Nigerian president Muhammadu Buhari had to refute rumours of his own death.
Nigerian President Muhammadu Buhari on Sunday denied claims that he had died and been replaced by a Sudanese impostor, breaking his silence on a rumour that has been circulating on social media for months. On Monday, Gabon President Ali Bongo made his first appearance since falling ill nearly six weeks ago, quashing rumours that he was dead.
For world leaders, it seems almost an occupational hazard to refute rumours of their own death. Mr Buhari and Mr Bongo are not the first ones to do so. Here's a look at other world leaders who have had to prove that they are not dead:
The Russian president disappeared from public view for almost ten days in 2015, leading to speculation that he had died. According to the Telegraph, Mr Putin made his first appearance after ten days to quash rumours of his death and ill health. "It would be boring without gossip," Mr Putin said at the time, referring to a life without rumours.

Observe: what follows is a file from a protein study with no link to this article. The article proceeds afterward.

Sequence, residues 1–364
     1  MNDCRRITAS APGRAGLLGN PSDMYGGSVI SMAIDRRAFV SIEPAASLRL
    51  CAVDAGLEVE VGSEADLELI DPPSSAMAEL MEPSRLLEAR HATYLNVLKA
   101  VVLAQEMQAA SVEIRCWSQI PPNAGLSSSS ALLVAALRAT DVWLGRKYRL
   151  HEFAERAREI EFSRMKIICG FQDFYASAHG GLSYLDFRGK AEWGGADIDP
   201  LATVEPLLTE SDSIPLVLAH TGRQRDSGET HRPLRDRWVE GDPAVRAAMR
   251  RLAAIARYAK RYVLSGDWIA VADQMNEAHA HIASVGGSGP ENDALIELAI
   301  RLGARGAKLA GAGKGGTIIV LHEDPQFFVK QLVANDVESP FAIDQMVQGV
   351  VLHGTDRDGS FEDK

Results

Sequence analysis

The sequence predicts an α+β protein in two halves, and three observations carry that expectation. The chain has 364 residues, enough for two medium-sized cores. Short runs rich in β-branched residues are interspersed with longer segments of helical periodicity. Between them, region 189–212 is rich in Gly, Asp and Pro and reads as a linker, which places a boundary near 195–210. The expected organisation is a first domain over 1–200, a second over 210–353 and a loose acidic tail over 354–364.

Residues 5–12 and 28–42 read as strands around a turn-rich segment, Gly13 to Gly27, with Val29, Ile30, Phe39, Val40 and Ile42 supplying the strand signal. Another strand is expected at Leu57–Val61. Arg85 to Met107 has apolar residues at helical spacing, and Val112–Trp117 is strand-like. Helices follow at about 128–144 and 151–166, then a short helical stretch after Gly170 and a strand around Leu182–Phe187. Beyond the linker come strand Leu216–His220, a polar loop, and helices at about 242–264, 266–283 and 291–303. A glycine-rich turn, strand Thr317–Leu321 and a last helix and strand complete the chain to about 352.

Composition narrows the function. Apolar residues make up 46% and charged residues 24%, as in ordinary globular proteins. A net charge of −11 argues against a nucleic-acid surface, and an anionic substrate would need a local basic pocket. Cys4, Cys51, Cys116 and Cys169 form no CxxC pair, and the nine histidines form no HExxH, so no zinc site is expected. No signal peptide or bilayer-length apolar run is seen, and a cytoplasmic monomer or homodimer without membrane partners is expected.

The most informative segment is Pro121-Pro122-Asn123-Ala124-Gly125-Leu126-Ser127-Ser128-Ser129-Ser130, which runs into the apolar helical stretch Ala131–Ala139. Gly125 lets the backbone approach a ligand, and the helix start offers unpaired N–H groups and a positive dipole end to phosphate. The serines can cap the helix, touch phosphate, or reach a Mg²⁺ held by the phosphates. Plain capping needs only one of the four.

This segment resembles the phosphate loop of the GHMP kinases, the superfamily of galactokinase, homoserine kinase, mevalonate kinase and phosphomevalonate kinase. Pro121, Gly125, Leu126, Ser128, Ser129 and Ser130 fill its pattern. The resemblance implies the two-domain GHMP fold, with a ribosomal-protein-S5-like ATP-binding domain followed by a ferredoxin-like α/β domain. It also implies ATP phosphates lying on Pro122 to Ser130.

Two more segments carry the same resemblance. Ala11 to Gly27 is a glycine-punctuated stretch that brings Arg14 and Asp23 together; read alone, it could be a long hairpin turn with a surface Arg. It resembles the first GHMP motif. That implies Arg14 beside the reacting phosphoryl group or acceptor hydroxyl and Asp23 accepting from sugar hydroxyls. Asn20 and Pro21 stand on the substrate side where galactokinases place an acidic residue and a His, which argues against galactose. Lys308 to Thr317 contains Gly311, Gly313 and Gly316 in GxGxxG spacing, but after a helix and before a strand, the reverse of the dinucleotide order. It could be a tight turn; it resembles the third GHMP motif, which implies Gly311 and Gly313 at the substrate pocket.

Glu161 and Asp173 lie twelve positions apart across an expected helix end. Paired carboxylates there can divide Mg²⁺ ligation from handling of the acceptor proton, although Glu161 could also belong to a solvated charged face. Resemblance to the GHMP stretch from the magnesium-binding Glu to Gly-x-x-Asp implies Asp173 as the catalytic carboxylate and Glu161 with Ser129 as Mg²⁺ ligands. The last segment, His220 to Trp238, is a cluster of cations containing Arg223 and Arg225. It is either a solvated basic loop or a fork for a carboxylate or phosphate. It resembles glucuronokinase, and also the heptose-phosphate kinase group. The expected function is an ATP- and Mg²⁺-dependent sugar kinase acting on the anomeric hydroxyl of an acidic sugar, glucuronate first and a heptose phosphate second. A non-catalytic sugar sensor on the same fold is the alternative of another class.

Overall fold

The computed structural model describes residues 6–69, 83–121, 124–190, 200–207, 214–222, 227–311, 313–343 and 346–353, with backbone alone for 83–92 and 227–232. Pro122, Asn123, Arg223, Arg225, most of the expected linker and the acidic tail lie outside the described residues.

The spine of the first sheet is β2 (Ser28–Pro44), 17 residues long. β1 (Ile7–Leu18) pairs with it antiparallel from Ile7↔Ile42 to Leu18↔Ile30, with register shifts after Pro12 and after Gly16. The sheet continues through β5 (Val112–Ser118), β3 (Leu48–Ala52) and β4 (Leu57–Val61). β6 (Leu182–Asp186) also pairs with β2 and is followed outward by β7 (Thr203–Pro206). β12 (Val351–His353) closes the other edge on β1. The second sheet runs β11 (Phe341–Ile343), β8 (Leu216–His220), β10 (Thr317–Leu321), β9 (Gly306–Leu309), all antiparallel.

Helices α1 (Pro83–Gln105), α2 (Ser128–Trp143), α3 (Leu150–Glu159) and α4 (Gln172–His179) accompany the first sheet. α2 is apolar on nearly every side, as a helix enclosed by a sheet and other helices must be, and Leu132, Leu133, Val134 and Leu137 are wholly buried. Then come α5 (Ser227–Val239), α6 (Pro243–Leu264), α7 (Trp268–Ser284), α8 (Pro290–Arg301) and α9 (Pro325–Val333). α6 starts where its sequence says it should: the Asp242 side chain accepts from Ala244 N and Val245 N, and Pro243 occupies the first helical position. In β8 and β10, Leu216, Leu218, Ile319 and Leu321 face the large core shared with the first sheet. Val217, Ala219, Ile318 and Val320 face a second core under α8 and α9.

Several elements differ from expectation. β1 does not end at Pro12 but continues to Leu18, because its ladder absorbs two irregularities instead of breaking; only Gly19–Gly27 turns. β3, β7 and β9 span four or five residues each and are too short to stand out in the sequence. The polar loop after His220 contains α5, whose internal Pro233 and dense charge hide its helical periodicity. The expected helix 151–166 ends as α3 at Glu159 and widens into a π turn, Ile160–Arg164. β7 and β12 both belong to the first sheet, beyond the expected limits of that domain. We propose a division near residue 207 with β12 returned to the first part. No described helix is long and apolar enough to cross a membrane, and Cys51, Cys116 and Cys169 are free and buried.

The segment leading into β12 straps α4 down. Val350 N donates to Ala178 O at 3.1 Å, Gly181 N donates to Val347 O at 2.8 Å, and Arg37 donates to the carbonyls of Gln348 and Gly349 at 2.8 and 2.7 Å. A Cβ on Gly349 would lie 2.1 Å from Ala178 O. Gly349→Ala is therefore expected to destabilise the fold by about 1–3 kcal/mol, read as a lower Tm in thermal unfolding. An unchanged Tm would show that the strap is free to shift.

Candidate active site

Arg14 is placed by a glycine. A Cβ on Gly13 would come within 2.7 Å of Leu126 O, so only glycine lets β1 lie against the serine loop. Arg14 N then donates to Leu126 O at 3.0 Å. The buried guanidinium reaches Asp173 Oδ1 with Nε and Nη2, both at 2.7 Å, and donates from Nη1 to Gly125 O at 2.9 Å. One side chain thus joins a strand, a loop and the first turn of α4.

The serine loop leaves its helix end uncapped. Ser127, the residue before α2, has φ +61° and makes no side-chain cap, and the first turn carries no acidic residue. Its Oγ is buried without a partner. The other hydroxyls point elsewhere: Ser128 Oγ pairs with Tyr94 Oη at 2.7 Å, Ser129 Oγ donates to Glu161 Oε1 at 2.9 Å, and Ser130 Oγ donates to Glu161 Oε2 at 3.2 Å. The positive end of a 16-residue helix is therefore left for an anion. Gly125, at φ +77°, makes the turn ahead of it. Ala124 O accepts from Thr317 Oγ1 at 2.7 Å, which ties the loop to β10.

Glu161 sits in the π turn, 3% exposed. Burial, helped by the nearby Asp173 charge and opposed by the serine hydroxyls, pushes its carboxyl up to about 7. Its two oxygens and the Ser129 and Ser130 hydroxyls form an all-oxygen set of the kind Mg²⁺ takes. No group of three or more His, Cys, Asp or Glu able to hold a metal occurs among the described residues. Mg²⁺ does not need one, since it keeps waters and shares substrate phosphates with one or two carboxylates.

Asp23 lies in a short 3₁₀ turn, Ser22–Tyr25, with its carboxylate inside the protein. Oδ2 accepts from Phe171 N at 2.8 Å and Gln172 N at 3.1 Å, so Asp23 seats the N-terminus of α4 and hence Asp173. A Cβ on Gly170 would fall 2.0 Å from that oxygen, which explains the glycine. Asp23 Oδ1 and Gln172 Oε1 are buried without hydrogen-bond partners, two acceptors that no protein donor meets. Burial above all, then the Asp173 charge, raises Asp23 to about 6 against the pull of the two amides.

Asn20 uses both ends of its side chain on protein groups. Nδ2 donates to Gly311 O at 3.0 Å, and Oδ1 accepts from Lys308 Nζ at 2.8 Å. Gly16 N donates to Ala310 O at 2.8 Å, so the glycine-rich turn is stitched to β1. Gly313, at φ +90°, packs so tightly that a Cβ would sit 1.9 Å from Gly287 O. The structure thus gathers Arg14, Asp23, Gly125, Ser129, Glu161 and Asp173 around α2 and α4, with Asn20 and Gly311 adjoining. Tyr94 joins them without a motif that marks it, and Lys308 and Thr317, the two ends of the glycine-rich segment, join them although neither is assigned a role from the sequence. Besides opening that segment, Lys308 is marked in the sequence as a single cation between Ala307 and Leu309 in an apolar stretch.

In 2012, right after he became the supreme leader of North Korea, rumours began to spread that Kim Jong-un had been assassinated in Beijing. According to BBC, story apparently originated on Chinese microblog site Sina Weibo and was later picked up by Twitter users across the world. As we know well now, the rumours were just that – rumours, and Kim Jong-un is alive and well.
The president of Malawi also had to dispel rumours of his own death in October 2016. According to QZ, Mr Mutharika had flown to New York in mid-September and then vanished from public eye, sparking rumors that he'd died along with the hilarious hashtag #BringBackMutharika. He returned to Malawi in mid-October, very much alive.
Robert Mugabe,94, served as president of Zimbabwe for 30 years. According to the Mirror, in 2016, it was reported that Mr Mugabe had died mid-air on a trip from Dubai. He laughed off the rumours upon landing, saying: "Yes, I was dead. It's true I was dead. I resurrected as I always do once I get back to my country. I am real again."
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